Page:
As Orin notes, both the majority opinion and the dissent are interesting reads.  If you are a Plain English reader because you are not a lawyer but are interested in how the Court does its work, take a gander both at Orin’s post and at the opinions themselves.  The opinions, as Orin explains, go through the analysis step by step, try out different approaches to resolving the case, and settle on the one that seems most reasonable.   What’s more, the case is also helpful for those who want to understand the Court’s work.  That’s because the Court almost certainly granted cert. in the case due to a very typical issue: different states were treating police-created emergencies differently for purposes of the exigent circumstances rule.  That makes it a great example of a case in which everyone involved – the parties, the states, the amici, and the Court – want resolution and consistency, so that no matter where a person lives (or a police officer works) the rule is the same.

In keeping with the idea that the Court deals with a large spectrum of issues, let’s talk about the other two opinions from this week:  Schindler Elevator Corp v. Kirk and CIGNA Corp. v. Amara.  The first is about the intersection between two federal laws:  the False Claims Act and the Freedom of Information Act (FOIA).  How do they intersect?  Well, as in this case, sometimes plaintiffs want to sue under the False Claims Act – and in the government’s name – using information or documents they have received from the government through a “FOIA” (pronounced FOY-a) request.    Here, Kirk sued an elevator company after it fired him, claiming that the company had submitted false claims for payment on its government contracts.  The problem, according to the Court’s opinion?  Some of the evidence that served as the basis for his claim that the company had submitted false claims came from FOIA requests that his wife made to the Department of Labor.  The Court (once again resolving a circuit split on the point) held that the information he obtained through the federal agency constituted a “report” that disclosed public information; therefore a provision in the False Claims Act barring lawsuits based on  such reports might apply.  The upshot? If his suit is based on “allegations or transactions” in the reports (an issue the Second Circuit will now decide on “remand,” or on the return of the case to that court), Mr. Kirk will not be able to bring his lawsuit, in part – a as Justice Thomas explained in the Court’s opinion –because his lawsuit was the kind of “opportunistic” case that the False Claims Act tries to discourage.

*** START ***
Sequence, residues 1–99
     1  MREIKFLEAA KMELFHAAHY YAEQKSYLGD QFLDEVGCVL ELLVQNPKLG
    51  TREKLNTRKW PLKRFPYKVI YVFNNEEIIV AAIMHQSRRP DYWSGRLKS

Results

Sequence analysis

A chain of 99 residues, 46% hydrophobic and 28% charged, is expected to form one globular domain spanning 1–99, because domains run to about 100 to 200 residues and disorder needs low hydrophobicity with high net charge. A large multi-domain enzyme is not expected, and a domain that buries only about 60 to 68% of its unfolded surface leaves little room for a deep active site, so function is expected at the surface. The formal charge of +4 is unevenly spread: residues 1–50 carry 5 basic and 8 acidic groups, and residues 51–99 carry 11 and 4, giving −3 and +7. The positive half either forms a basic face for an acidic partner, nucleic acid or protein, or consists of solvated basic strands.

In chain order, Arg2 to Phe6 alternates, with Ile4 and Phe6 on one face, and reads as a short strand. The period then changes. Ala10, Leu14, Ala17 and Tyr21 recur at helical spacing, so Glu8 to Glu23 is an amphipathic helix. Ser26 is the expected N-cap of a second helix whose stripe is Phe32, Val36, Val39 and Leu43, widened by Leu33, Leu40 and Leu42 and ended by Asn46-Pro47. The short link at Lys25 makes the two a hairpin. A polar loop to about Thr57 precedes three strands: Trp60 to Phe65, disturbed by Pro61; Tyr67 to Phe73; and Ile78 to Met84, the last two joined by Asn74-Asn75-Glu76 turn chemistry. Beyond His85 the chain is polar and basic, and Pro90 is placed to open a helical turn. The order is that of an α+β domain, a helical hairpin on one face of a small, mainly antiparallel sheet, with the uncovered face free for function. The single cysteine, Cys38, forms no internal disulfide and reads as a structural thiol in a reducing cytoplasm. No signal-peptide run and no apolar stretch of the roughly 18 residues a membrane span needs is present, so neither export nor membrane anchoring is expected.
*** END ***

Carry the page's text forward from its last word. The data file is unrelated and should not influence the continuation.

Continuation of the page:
Finally, in CIGNA Corp. v. Amara, the Court delved into yet another area of law, ERISA law (a federal statute governing employee benefits).   Justice Breyer, writing for the Court, explained that, under ERISA, an employee whose employer gives her an incorrect explanation of her benefits must actually be harmed by that inconsistency before she can bring a claim.  Different federal courts of appeals had interpreted the statute differently, with a few requiring only that the explanation of benefits be inaccurate as to the actual plan benefits, and others requiring evidence of much greater harm.

Washington has been underwater this week, with a huge amount of rain and more in the forecast.  The law clerks might feel like they are underwater in a different way – the next four or five weeks are the last big opinion-writing push before the end of the Term.  But there’s very little doubt that the work will get done – we’ll almost certainly have opinions in the remaining argued cases by the last week in June.

Recommended Citation: Lisa Tucker, This week at the Court: In Plain English, SCOTUSblog (May. 19, 2011, 8:15 AM),